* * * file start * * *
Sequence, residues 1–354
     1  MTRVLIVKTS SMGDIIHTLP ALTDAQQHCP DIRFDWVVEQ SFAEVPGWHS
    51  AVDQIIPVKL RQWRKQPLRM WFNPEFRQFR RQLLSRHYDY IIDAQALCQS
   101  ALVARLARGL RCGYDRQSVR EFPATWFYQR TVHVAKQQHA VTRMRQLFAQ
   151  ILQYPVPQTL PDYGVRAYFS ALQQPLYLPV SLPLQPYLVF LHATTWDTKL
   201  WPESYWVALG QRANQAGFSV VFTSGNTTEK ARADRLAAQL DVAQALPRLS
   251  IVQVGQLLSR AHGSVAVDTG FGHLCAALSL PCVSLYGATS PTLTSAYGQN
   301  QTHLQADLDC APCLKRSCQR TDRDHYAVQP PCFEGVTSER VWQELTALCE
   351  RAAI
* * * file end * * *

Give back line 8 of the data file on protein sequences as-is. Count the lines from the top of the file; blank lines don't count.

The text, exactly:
   301  QTHLQADLDC APCLKRSCQR TDRDHYAVQP PCFEGVTSER VWQELTALCE